[v6ops] Deaggregation by large organizations

Iljitsch van Beijnum <iljitsch@muada.com> Wed, 15 October 2014 12:29 UTC

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Date: Wed, 15 Oct 2014 14:29:25 +0200
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Subject: [v6ops] Deaggregation by large organizations
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We are all familiar with PA (provider aggregatable) and PI (provider independent) address space. But it turns out a new type of IPv6 address space is starting to show up, which I'll call organization deaggregatable (OD) address space (until someone suggests a better name).

How it works is like this: a large organization obtains a large block of IPv6 address space, either as a very large PI block or by becoming a local internet registry (LIR) and getting a regular LIR assignment directly from one of the five regional registries. However, rather than advertising that block in BGP as a single prefix, or perhaps a handful of prefixes, like an ISP would, they subdivide this block within the organization and then many subunits advertise subprefixes though different ISPs. The aggregate may or may not be advertised.

The advantage to the organization is that they have provider independent address space that they'll never have to renumber out of, as well as having a single prefix that identifies all of the organization, which makes filtering easy.

There seem to be two types of organizations that do this: geographically dispersed ones that advertise subprefixes in different locations, such as multinationals, and organizations with very independent subunits but with more limited geographical scope, such as national governments.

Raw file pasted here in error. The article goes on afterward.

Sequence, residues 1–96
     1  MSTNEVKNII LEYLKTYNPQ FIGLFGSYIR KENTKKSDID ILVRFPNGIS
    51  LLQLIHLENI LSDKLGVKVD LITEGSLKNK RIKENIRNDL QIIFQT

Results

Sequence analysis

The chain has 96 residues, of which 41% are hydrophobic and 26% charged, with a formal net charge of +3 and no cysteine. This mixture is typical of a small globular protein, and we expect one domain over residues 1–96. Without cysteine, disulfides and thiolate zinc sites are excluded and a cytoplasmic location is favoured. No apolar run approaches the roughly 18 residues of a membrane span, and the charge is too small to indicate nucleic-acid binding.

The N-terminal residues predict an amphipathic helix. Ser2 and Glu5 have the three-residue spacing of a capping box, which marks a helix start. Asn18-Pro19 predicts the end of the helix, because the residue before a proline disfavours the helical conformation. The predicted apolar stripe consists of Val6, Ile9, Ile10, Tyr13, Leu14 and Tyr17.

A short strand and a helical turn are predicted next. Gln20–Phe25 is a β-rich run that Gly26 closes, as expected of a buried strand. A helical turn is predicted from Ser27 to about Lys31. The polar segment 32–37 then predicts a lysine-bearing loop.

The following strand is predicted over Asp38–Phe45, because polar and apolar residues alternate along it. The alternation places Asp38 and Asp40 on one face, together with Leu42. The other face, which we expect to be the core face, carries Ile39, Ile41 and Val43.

This practice, especially if/when it becomes more common, presents two challenges:

1. Large numbers of prefixes may show up in the global routing table. For instance, there is a number plan for all of the German government, which could potentially inject more than 5000 municipality prefixes into the global IPv6 routing table.

2. Filtering. If people want to avoid large numbers of deaggregates in their routing tables, they may employ some kind of filtering, especially if the deaggregates are very long prefixes. This means that packets are no longer reliably delivered to the place announcing a more specific prefix.

Ideally, a set of best practices would be developed that strike a good balance between the needs of large organizations and the needs of the global routing system, and allow everyone to predict the consequences of different kinds of behavior and thus avoid unpleasant surprises.

These are some of the things that could go into such best practices:

- A well-understood maximum prefix length for IPv6, similar to /24 for IPv4.

- An understanding of how the service providers that provide connectivity to multiple subunits of a large organization can work together in order to maximize availability and minimize costs for the organization, the service providers and other network operators.

- A way to provide a point of last resort where traffic for the aggregate can be sent to if more specifics are filtered.

- A set of communities that indicate whether a prefix is a more specific that is covered by an aggregate and/or is safe to filter without loss of connectivity.

- A set of communities that indicate geographical origin of prefixes so remote more specific prefixes can be filtered while local prefixes are kept.

- Guidelines for reserving address space in address plans. Is it better to have free space reserved so existing prefixes can grow, or keep reserved space together so tight prefix length filters are possible and reserved space isn't broken up into small pieces?

Please note that I'm crosspositing this to v6ops and grow initially. If the chairs have any guidance on which working group is more appropriate for this discussion, please let us know and we can drop the other one.

Also note that I haven't been following discussions in both wgs recently, so if this has been discussed previously, my apologies.

Last but not least, this treads on RIR policy. But in my opinion, this is foremost a technical matter with global implications and as such is best discussed within the IETF rather than in the five respective policy development forums.